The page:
Cutting the cords – ALL of them

There are so many posts out now about the potential trend of “cutting the cord.” In other words, dropping cable and satellite service and relying on free to air television and internet streaming.

English: An F connector attached to a black co...

Photo credit: Wikipedia

Well, I’ve gone even further that that – I’ve even cut the cord to the rooftop aerial and am getting all my media via the internet – radio and TV.

I’ve already covered the radio bit. That was about convienence and functionality. The TV part is a bit different. It was driven by interior design, actually.

For the past ten years, our TV has been one Mac or another connected to an EyeTV device. It was convenient and sort of easy to set up (if you’re a technologist). Having discovered the wonders of having a DVR (PVR if you’re in the UK) was an eye opener. We have not watched live TV since then.

The one drawback is that I ended up spending several hundred pounds to maintain the ability to watch “free” TV.  We ended up with hours and hours of unwatched programmes that we couldn’t bear to delete because “we might watch that some day.” In the meantime, all the channels we recorded continued to transmit hours and hours of new, often interesting programmes. So I would have to shell out for larger and larger hard drives to contain all this stuff.

Anyway, back to the pivotal moment. About a year ago, we rearranged the front room and the cabinet containing the iMac that we use for audio and video was moved to the opposite corner of the room. This was great visually and made it easier to run the wires for the surround setup, but it was nowhere near the wall plate for the TV aerial. Neither of us were interested in having a thick coaxial cable snaking halfway across the room, so we left it unconnected.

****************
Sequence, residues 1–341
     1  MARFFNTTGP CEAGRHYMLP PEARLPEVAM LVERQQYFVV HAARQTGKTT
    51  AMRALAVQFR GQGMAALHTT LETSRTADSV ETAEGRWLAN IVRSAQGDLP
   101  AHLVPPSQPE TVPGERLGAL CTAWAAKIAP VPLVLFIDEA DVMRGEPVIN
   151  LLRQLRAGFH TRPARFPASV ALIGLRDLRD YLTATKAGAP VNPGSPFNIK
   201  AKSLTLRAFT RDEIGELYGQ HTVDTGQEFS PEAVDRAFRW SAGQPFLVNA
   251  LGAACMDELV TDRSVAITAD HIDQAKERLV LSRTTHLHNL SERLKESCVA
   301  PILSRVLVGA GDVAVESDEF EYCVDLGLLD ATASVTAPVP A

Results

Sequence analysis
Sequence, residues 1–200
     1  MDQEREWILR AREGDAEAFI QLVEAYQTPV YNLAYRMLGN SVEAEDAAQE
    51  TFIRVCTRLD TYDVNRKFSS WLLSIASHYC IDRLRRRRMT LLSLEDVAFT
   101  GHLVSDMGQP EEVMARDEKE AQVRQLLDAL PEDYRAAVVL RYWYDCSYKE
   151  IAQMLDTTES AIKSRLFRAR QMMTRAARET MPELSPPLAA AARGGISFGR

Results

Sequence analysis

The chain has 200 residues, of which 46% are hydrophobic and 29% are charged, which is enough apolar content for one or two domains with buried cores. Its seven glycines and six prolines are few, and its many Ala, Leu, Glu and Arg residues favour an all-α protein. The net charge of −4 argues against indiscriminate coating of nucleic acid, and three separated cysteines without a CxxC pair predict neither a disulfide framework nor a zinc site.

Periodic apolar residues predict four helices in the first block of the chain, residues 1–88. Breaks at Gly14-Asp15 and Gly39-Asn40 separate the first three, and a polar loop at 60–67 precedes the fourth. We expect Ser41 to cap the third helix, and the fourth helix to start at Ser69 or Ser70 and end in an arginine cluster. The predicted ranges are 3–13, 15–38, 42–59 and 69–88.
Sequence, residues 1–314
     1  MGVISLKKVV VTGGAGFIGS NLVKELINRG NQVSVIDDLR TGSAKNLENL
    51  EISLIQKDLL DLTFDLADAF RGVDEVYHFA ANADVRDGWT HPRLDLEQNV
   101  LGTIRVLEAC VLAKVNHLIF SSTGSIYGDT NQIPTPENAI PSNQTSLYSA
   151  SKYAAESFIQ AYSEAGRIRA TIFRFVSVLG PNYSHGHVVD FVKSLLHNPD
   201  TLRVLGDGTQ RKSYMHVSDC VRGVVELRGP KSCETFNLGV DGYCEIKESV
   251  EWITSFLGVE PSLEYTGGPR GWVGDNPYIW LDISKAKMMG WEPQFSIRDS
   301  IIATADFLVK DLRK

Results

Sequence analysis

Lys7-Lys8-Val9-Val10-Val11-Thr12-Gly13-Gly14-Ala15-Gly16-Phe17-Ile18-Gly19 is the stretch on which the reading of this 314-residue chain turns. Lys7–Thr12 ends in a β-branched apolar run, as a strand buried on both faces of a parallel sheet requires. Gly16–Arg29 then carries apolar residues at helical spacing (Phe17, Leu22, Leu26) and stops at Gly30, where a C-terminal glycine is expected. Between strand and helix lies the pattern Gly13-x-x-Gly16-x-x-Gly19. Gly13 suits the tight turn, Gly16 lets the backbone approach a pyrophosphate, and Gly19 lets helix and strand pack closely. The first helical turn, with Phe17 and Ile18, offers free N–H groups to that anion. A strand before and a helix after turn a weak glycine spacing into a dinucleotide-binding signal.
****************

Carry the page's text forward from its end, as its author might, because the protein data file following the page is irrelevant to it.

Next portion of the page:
After a few weeks, we discovered that through a combination of BBC iPlayer, ITV Player, 4oD and a few a la carte iTunes purchases, we were missing nothing that we were getting via traditional over the air distribution. And, in several cases, we were able to watch programmes in HD, which was not possible with the EyeTV system. Most of the UK networks also offer live streams, so on big occasions or for breaking news, we could watch live TV as well. And now that iPlayer has launched the ability to rewind and pause live streams, we’ve got all the functionality of a DVR. When Lovefilm and Netflix started offering streaming, we were able to get along without a DVD player as well. (N0 worries about region coding as well.)

We were still getting the convenience of being able to watch what we wanted when we wanted, and had the benefit that I no longer had to play the role of Media Manager, organising, saving and deleting massive amounts of recorded programmes.

The semi-homemade PVR system we had required a bit more technical know how and constant management. The great news is that these things are now available to anyone able to browse the web. Not quite as easy a pressing the “on” button on a remote, but getting close.